(Reuters) - Minnesota United were introduced as the newest Major League Soccer team on Wednesday with plans to begin play in the rapidly growing league in 2018.
The club, which was founded in 2010 and currently plays in the second-tier North American Soccer League, was officially welcomed to MLS during a news conference attended by a rowdy group of United supporters.
“We have a plan here that we believe in,” MLS Commissioner Don Garber said during a news conference at Target Field, home of Major League Baseball’s Minnesota Twins. “A plan that we believe will take the sport to a higher level.”
Coupled with already-announced expansion plans for Atlanta and the recreation of the team formerly known as Chivas USA in Los Angeles, Minnesota will be the 23rd franchise in MLS.
MLS grew to 20 clubs this season with Orlando City and New York City FC both joining the league.
Garber paid tribute to Minnesota’s “rich tradition of supporting soccer at all levels” and the league’s presentation included images from the 1970’s when the Minnesota Kicks were part of the NASL.
Led by United owner Bill McGuire, a former chief executive of UnitedHealth Group, the new MLS team’s ownership group will also include Glen Taylor, the owner of the National Basketball Association’s Minnesota Timberwolves and Jim Pohlad, owner of MLB’s Minnesota Twins.
United’s bid beat out competition from the National Football League’s Minnesota Vikings, whose owner wanted a soccer team resident in their planned new stadium.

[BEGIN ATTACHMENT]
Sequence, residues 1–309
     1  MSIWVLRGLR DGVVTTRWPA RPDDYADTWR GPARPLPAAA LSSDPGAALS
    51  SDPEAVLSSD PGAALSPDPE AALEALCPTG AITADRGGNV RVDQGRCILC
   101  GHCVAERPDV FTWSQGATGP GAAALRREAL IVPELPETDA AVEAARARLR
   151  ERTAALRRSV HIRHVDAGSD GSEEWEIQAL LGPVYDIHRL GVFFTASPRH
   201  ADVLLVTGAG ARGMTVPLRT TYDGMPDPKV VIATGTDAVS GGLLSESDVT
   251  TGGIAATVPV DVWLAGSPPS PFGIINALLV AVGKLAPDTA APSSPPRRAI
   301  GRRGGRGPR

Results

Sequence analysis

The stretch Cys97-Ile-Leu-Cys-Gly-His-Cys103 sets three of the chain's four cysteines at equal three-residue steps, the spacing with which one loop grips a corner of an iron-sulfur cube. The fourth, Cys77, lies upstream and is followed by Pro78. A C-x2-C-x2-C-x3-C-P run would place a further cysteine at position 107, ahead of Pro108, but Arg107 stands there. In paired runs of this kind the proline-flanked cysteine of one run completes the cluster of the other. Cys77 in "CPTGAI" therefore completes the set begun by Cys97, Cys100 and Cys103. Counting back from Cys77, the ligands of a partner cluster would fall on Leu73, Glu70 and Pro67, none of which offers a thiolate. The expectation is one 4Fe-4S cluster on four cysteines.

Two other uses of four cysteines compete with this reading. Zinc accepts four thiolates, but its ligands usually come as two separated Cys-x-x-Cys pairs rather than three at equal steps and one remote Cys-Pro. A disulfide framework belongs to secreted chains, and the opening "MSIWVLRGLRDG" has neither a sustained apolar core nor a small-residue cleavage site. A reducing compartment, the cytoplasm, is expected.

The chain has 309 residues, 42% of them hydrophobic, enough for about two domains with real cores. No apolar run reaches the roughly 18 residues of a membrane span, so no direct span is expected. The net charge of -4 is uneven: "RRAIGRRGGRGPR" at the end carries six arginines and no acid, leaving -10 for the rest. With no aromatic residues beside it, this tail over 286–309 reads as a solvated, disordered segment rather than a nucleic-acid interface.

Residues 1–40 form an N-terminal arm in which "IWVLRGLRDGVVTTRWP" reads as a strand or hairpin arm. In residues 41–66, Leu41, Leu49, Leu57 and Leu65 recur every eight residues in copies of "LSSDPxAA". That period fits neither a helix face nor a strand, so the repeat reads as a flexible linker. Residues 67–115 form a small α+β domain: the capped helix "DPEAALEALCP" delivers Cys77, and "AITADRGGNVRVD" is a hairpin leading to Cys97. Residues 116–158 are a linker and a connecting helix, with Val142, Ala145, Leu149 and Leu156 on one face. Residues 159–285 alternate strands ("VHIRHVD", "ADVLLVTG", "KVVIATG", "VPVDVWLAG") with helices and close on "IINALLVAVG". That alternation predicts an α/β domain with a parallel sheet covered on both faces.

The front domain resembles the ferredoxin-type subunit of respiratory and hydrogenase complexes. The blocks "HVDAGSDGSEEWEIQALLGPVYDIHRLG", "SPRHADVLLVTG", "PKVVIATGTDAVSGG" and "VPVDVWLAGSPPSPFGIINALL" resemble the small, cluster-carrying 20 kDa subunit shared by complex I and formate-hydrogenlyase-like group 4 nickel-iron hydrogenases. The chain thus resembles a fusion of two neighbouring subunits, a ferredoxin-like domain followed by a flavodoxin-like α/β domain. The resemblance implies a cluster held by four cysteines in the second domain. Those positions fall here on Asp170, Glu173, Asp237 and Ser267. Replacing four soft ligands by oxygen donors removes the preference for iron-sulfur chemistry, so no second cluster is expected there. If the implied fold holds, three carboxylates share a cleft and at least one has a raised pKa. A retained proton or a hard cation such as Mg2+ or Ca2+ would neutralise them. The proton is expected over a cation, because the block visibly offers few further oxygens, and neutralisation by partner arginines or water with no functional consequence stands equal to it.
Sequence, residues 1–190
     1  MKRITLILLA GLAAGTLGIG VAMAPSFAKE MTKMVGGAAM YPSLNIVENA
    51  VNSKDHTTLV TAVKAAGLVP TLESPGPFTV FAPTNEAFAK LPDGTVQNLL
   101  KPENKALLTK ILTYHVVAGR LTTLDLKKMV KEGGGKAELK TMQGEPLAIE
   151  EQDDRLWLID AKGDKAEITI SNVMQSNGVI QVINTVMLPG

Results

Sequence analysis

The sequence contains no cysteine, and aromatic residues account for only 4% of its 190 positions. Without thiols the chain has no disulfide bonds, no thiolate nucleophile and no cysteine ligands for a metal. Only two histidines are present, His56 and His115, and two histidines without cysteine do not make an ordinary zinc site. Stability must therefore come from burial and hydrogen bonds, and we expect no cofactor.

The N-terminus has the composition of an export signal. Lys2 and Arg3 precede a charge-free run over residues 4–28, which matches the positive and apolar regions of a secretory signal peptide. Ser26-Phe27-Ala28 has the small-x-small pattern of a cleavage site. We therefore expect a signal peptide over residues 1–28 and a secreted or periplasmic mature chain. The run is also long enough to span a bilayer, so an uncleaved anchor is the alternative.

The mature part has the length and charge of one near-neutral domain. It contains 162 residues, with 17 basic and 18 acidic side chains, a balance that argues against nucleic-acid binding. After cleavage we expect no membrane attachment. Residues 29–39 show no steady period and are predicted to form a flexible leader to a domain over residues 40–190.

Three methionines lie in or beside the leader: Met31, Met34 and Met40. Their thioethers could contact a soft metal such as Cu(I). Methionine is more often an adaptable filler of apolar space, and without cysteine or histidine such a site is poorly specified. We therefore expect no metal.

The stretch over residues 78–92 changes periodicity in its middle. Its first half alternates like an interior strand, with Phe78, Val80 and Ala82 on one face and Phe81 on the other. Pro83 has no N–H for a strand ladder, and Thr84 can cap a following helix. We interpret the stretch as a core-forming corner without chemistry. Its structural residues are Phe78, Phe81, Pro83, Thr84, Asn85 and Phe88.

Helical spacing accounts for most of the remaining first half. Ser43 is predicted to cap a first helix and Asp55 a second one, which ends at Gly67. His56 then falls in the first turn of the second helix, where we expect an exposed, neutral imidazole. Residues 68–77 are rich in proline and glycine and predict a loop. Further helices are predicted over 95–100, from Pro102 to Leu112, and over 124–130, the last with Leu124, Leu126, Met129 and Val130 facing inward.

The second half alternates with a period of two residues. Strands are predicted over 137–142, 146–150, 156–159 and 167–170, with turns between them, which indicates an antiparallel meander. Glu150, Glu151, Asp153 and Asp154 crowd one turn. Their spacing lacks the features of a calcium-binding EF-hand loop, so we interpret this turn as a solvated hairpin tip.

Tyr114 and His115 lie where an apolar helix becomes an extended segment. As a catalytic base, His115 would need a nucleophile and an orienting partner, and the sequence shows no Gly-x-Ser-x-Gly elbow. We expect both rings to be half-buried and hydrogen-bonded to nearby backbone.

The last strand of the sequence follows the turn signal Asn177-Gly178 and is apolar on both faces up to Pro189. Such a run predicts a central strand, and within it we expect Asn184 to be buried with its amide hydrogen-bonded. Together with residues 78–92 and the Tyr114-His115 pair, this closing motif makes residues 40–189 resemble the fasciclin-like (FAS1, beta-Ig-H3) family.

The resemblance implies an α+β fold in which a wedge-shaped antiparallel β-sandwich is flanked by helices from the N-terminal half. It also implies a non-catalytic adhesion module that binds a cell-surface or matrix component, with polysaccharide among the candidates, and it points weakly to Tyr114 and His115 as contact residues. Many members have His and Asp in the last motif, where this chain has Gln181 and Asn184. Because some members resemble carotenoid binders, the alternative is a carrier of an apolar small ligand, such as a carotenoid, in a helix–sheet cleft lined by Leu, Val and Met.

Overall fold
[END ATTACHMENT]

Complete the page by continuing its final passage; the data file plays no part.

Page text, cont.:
MLS were won over by United’s plan to build an outdoor ‘soccer-specific stadium’ in downtown Minneapolis.
The proposed stadium would be close to Target Field, in the Farmers Market neighborhood, and the club hope to finalize plans for the venue by July.
“We obviously have a lot of big dreams and visions,” said McGuire. “I thank Don and the other (team) owners for their faith and confidence in us and our community and recognition of the vitality of this community and what it stands for and what it will be in the future.”
Miami is in line to become the 24th MLS franchise but the league is waiting to see if David Beckham, who is fronting that bid, can secure a suitable stadium site.
Until recently, MLS had said it would stop expanding for the foreseeable future once it reached 24 teams. But last week Garber said it will evaluate further expansion beyond 24 clubs.
Reporting by Simon Evans in Miami; Editing by Frank Pingue